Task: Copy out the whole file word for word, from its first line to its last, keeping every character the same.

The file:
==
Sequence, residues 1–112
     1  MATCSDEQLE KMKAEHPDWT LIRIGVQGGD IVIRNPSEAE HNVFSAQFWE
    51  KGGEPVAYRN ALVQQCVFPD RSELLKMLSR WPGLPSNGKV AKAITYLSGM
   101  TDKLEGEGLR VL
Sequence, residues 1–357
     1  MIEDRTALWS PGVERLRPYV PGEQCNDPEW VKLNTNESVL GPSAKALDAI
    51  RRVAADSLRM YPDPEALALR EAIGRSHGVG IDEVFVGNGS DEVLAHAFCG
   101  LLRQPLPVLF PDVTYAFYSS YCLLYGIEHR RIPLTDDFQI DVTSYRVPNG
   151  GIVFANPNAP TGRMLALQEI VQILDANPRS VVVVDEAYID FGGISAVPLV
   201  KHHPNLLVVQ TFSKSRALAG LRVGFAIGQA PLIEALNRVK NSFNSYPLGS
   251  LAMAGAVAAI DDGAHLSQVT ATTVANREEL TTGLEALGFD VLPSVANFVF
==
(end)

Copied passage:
Sequence, residues 1–112
     1  MATCSDEQLE KMKAEHPDWT LIRIGVQGGD IVIRNPSEAE HNVFSAQFWE
    51  KGGEPVAYRN ALVQQCVFPD RSELLKMLSR WPGLPSNGKV AKAITYLSGM
   101  TDKLEGEGLR VL
Sequence, residues 1–357
     1  MIEDRTALWS PGVERLRPYV PGEQCNDPEW VKLNTNESVL GPSAKALDAI
    51  RRVAADSLRM YPDPEALALR EAIGRSHGVG IDEVFVGNGS DEVLAHAFCG
   101  LLRQPLPVLF PDVTYAFYSS YCLLYGIEHR RIPLTDDFQI DVTSYRVPNG
   151  GIVFANPNAP TGRMLALQEI VQILDANPRS VVVVDEAYID FGGISAVPLV
   201  KHHPNLLVVQ TFSKSRALAG LRVGFAIGQA PLIEALNRVK NSFNSYPLGS
   251  LAMAGAVAAI DDGAHLSQVT ATTVANREEL TTGLEALGFD VLPSVANFVF